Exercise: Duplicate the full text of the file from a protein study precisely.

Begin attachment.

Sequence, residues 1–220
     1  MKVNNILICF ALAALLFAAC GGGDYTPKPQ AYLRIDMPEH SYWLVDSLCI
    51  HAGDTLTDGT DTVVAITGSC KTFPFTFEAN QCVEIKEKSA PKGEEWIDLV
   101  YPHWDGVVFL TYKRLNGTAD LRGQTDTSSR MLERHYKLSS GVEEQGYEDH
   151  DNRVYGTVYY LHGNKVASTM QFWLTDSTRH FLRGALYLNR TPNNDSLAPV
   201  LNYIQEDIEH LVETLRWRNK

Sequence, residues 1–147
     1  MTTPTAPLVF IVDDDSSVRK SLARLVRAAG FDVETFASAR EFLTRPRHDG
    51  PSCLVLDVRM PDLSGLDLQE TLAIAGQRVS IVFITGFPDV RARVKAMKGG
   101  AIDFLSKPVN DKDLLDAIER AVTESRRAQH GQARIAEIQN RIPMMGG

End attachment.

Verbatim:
Sequence, residues 1–220
     1  MKVNNILICF ALAALLFAAC GGGDYTPKPQ AYLRIDMPEH SYWLVDSLCI
    51  HAGDTLTDGT DTVVAITGSC KTFPFTFEAN QCVEIKEKSA PKGEEWIDLV
   101  YPHWDGVVFL TYKRLNGTAD LRGQTDTSSR MLERHYKLSS GVEEQGYEDH
   151  DNRVYGTVYY LHGNKVASTM QFWLTDSTRH FLRGALYLNR TPNNDSLAPV
   201  LNYIQEDIEH LVETLRWRNK

Sequence, residues 1–147
     1  MTTPTAPLVF IVDDDSSVRK SLARLVRAAG FDVETFASAR EFLTRPRHDG
    51  PSCLVLDVRM PDLSGLDLQE TLAIAGQRVS IVFITGFPDV RARVKAMKGG
   101  AIDFLSKPVN DKDLLDAIER AVTESRRAQH GQARIAEIQN RIPMMGG